The Ranger II is a break-action, five-shot, single-action rimfire revolver. With the hammer at half-cock, pull the latch at the rear of the top strap, and the action opens, with the barrel and cylinder tipping down along a hinge at the bottom of the frame. Break-action revolvers were commonplace and very popular in the late 1800s and early 1900s because they’re very easy to load and unload: When you open the action fully, the star extractor on the cylinder partially pulls out the cartridge cases.
I’d previously tested NAA’s earlier Ranger II models—one with a 1.63-inch barrel and another with a 2.5-inch barrel. Both were great mini revolvers that were chambered in .22 WMR (Winchester Magnum Rimfire—more commonly called .22 Magnum these days). Both revolvers were great in their capacity as either a hideout gun or placed in compact emergency kits with other survival gear.
But why would you put a 4-inch barrel on a mini revolver? Wouldn’t you be taking away its biggest attribute—namely, its concealability?
And that’s what I thought, until I began shooting the 4-inch model. I found it more fun to shoot than the models with shorter barrels, probably because the longer sight radius on the 4-inch barrel made getting good hits easier.
An added benefit of this longer barrel is some added velocity. Firing Hornady 30-grain V-Max bullets out of the 1.63-inch model, I got velocities of 1,146 feet per second. With the 4-inch gun, the rounds were clocking at an average of 1,286 fps.
The stainless steel Ranger II comes with attractive rosewood grips. The cylinder and frame are polished, while the barrel features a matte finish that helps cut down the glare. The sights consist of a simple bead front and a notch at the rear, located on the takedown latch.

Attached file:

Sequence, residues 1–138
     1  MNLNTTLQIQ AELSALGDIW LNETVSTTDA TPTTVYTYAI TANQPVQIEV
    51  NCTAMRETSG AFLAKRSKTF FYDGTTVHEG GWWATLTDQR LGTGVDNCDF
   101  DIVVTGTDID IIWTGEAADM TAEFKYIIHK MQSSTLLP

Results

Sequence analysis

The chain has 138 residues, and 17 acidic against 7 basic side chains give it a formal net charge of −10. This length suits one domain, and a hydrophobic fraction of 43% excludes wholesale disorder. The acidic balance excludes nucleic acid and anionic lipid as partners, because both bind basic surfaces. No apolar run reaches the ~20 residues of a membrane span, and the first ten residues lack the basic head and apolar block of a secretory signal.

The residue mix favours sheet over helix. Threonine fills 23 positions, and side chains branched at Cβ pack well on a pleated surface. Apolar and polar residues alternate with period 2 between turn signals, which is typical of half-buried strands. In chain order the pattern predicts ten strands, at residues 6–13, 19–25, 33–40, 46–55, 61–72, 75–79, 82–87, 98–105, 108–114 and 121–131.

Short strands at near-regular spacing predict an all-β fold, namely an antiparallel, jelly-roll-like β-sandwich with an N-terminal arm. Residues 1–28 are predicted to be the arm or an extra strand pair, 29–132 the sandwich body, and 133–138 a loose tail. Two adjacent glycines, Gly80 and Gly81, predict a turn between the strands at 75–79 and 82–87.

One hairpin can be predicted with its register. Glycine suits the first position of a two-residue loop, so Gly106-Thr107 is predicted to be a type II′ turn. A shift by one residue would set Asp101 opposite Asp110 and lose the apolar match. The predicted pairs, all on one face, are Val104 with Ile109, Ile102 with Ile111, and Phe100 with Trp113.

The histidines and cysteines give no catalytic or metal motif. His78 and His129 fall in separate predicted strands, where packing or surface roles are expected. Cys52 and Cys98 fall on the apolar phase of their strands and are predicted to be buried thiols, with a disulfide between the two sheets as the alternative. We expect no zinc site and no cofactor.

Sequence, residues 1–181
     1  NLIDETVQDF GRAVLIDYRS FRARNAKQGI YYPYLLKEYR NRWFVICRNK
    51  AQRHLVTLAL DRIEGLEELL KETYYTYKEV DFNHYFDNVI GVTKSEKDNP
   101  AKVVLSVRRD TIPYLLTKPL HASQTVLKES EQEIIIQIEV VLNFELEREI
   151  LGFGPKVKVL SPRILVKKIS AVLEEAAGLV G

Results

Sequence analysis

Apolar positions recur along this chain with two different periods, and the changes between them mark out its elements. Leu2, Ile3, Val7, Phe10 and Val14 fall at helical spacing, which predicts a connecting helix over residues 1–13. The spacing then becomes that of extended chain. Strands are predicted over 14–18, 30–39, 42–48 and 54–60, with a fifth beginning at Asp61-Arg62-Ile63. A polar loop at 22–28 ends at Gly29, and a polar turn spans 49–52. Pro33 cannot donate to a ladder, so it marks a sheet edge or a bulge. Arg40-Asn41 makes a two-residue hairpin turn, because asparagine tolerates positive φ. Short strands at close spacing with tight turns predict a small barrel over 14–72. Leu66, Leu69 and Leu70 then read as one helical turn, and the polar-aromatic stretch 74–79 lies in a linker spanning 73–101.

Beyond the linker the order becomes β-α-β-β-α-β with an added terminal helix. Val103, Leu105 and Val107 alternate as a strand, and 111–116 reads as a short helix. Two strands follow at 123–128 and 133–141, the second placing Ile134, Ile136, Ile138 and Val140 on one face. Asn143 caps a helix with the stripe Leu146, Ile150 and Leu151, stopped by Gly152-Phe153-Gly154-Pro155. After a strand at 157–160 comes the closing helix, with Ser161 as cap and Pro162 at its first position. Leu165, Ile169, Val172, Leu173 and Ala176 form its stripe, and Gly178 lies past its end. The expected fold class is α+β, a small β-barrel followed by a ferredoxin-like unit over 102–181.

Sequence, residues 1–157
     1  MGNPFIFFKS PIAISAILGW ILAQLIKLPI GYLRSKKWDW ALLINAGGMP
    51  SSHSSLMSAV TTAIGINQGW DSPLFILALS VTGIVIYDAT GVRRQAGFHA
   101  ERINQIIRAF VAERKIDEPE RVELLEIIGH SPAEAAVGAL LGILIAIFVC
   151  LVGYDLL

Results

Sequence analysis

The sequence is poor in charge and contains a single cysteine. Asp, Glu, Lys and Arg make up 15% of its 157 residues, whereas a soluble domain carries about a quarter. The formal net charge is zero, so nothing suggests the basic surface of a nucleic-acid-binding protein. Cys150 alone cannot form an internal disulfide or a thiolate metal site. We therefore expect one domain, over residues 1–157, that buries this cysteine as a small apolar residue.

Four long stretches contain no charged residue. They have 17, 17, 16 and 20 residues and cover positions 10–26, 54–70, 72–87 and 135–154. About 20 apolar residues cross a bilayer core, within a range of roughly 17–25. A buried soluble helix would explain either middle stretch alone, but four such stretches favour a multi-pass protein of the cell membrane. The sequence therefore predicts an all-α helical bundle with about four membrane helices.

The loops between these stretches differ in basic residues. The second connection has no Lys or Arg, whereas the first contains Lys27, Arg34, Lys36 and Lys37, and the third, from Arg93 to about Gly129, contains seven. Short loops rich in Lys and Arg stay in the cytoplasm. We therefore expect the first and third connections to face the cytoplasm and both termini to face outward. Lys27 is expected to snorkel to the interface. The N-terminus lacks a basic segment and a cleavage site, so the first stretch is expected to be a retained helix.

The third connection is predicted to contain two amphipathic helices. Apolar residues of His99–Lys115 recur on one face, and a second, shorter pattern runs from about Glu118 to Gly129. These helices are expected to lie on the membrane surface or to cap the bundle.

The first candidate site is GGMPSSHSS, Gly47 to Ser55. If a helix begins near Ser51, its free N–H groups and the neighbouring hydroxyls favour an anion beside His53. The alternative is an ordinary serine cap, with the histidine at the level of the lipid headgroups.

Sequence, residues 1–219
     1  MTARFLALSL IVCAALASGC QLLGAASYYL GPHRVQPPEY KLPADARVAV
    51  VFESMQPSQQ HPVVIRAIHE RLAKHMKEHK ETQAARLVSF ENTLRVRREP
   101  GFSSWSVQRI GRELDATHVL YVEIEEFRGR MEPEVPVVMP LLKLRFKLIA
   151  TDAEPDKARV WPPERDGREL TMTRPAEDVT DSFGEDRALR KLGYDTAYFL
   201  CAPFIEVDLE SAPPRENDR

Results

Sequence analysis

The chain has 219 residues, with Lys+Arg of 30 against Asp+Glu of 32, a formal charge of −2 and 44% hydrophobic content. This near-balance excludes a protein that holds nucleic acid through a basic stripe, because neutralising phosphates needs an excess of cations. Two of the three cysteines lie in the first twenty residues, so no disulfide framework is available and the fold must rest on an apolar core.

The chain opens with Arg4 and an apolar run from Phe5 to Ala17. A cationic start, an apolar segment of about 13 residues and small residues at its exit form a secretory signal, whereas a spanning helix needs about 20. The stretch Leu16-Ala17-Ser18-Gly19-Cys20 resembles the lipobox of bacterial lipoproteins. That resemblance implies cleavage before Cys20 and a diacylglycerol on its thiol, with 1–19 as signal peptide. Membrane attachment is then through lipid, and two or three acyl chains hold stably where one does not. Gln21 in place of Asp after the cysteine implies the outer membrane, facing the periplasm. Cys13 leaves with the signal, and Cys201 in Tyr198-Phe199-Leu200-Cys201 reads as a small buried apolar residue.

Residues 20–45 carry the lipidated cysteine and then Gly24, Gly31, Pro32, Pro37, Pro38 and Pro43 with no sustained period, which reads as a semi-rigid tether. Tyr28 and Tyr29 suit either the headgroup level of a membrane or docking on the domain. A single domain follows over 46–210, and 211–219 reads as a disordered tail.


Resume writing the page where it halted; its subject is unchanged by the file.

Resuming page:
As with the Guardian, I did all my firing standing and off-hand. The trigger pull measured about 5 pounds.
What about accuracy? Well, I took into consideration how I’d probably use this revolver. At 12 yards, most of my shots went into the kill zone of a life-sized paper target depicting a squirrel.
I won’t be using this handgun for deep concealment. But I can see carrying the Ranger II as a sidekick to a rifle during hunting season or putting it into a pack with a box of ammo for some small-game potential or last-ditch camp defense in an emergency. And, long ago, I used a small .22 pistol to fire signal shots to lead a lost hunter back to safety.
Extra Cylinder Models
I’m happy with the .22 Magnum chambering. It’s a powerful little cartridge for its size and weight. However, there are available Ranger II models that include a second cylinder for the less-potent, but more economical, .22LR.
Safe to Carry
In case you were wondering, the cylinders on all NAA revolvers feature notches in between the chambers. With the hammer resting in one of those notches—instead of over a live round—you can carry one of these revolvers fully loaded without worrying about a round firing if there’s a blow to the hammer.
Pick Your Purpose
The NAA Guardian pistol and the NAA Ranger II revolver with a 4-inch barrel are both fine handguns, but I see their missions as being quite different. The revolver will be a lightweight, yet effective, gun to carry on hikes and hunts or to stow in an emergency kit when weight and space are critical.
Naturally, not all survival consists of bagging game in the wilderness. There are survival challenges on any city street these days. Whether it’s used in a backup role or as a primary gun when traveling light and being discreet, the Guardian has key advantages because of its small size, reliability and ease of operation.
Editor’s note: A version of this article first appeared in the November, 2020 print issue of American Survival Guide.